I teach 7th-12th grade math and personally, I much prefer for students to learn the vertical method. That may just be me, or my school, but many of my students obsess over details. They want things to look right- even if those details don’t much matter. With the horizontal method, I can see my high school students forgetting to leave spaces for where to place the stuff that needs to be subtracted and having to erase each time they forgot to leave spaces. This may seem like a small problem, but it can make a relatively short problem set take much longer and could really annoy perfectionist students. Also, the horizontal method is not very good at all for division. I spend a lot of time in my high school classes urging students to rewrite all division with fraction bars instead of division signs because fraction bars are (a) much more versatile, and (b) help when the students start canceling. If students get in the habit of getting rid of stuff vertically, doing division vertically will come more naturally to them. I agree with some of the other comments in that yes, it’s just a small detail, but a lot of students find it comforting to know how they’re expected to lay things out. Also, once they’re taught one way, it’s almost impossible to reteach it in a different way because they’re set in their ways now and vertical is much more versatile in later math classes.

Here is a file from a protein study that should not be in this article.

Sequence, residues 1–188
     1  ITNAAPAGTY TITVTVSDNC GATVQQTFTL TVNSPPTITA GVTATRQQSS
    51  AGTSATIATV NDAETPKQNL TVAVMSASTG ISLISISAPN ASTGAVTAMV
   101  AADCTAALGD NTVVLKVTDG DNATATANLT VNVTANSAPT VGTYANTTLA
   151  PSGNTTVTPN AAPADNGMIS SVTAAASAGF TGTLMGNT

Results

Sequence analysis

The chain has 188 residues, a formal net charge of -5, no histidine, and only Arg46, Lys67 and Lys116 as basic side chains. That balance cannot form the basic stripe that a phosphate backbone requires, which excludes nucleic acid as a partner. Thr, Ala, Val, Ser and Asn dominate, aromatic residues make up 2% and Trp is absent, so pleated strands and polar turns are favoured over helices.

Lizzy: Thanks for your detailed thoughts. I have been sharing the feedback with my colleagues. We’re still divided, so having opinions from math teachers outside our school has been nice.

You meant to say “with no further ado”

Not “no further adieu” That expression has nothing to do with french for goodbye!